16 Implant Dentistry

coupled either metal/ceramic or all-ceramic superstructure, Anwar et al. (2011) examined this scenario by different electrochemical methods in artificial saliva solutions: they concluded that increased fluoride concentration leads to a decrease in the corrosion resistance of all tested couples.25

Discussion From above literature review, it is important to stress that described evidence of fluoride on titanium alloys derives mostly from in-vitro research, which includes oversimplifications in simulating oral environment.13 According to Lopez- Alias et al. (2006), it is difficult to predict the clinical behavior of any alloy from invitro studies, since such factors as changes in the quantity and quality of saliva, diet, oral hygiene, polishing of alloy, the amount and distribution of occlusal forces, or brushing with toothpaste can all influence corrosion to varying degrees.35 On the other hand, choice of materials to be used as suprastructures with titanium implants is crucial. Their galvanic corrosion behaviors should be evaluated in order to avoid any corrosive process.2 The concern of reducing implant corrosion might be addressed by different methods such as noble metal alloying additions, especially gold on the corrosion behavior of titanium; this could be ascribed to an incorporation of noble metal into the passive layer, resulting in increasing its dissolution resistance.8 Nakagawa et al. (2005) concluded that addition of a small amount of Pd or Pt to Ti to create an alloy proved to be very effective in improving the corrosion resistance of titanium in sodium fluoride (NaF) solutions of various concentrations up to 2 %.33 Ag and Au have excellent corrosion resistance in many aqueous solutions, and good in vivo biocompatibility.8 Zhang et al. (2009) clarified that addition of Ag was found to be effective in reducing corrosion current density and increasing the open circuit potential of titanium in artificial saliva environment.36 Shim et al. (2005) reported that Ti-Ag alloys with low Ag content (< 5 %) have better corrosion resistance than pure titanium in artificial saliva.37 Yamazoe et al. (2007) showed that Ti-0,5 Pt, Ti-6 Al- 4N -0,5 Pt, and Ti-6Al7Nb-0,5 Pt alloys had high corrosion resistance in a fluoride containing environment and high mechanical strength. Therefore, use fullness of these alloys as new implants or denture base materials was suggested.38 Design and texture of implant surface was also studied. The presence of pores in implant materials may be a source of corrosion problems. Foit and Joska (2013) showed that titanium implants with porosity of 24 and 33% initiated a local attack of the material.39 Moreover, the abnormal electrical currents produced during corrosion can convert any metallic implant into an electrode, and the negative impact on the surrounding tissues due to these extreme signals could be an additional cause of poor performance and rejection of implants. Electrical protection of the surfaces of the implants was proposed by Gittens et al. (2011) in order to reduce implant corrosion.15 On the other hand, innovative commercial mouthwashes and toothpastes during the last decade have replaced fluoride with biomimetic hydroxyapatite nanocrystals (CHA) as a remineralizing agent to avoid the effects of fluoride on human health.11 Dental News, Volume XXI, Number III, 2014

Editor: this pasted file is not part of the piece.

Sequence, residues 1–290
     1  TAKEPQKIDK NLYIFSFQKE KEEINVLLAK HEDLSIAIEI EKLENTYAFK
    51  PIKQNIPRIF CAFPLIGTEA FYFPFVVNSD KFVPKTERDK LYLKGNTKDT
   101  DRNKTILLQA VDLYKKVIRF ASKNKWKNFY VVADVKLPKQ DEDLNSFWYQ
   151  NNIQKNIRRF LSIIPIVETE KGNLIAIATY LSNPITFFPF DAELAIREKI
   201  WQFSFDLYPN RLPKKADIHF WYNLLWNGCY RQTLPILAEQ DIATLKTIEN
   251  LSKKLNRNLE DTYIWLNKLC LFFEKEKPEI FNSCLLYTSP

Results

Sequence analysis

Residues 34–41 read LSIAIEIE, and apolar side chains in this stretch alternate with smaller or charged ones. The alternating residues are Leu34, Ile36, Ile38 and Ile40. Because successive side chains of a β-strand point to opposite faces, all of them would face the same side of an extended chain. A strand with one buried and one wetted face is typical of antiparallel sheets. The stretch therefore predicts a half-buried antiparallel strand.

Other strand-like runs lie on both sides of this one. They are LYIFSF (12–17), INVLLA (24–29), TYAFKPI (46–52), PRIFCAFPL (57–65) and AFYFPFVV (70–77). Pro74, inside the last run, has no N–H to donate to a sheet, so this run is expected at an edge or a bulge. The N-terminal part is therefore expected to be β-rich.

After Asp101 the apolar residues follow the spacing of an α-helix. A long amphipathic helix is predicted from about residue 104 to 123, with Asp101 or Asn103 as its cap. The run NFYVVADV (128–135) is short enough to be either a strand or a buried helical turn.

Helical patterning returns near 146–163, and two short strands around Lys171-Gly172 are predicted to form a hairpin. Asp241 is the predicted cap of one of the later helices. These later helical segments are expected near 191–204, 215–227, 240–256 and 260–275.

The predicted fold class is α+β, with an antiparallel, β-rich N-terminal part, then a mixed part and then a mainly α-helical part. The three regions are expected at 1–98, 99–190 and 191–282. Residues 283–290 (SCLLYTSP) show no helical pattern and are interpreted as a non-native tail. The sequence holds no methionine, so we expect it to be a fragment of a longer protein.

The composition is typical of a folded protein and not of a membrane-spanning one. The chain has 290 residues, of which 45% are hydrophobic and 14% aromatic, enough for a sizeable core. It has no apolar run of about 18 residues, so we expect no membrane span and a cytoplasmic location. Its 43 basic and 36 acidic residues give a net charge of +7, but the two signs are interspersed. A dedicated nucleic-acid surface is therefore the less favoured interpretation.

Conclusion The most favorable suprastructure/implant couple is the one capable of resisting the most extreme conditions that could possibly be encountered in oral cavity. Most studies were conducted in-vitro. Results showed that fluoride– containing products should be controlled and prescribed carefully, since increasing the use of such products can lead to alterations of implants and restoration surfaces, compromising the longevity of the treatment. In fact, fluoride ions seem to exert a negative influence on the corrosion resistance of pure titanium and titanium alloy Ti-6Al-4V, especially in the acidic artificial saliva which contained over 0,1% NaF (fluoride ions = 500 ppm). This may cause the breakdown of protective passivation layer that normally exists on titanium and titanium alloys, leading to severe corrosion.20,29,30,31 However, further in-vivo studies are warranted in order to elucidate corrosion resistance of titanium and titanium alloys exposed to fluoride agents in oral cavity.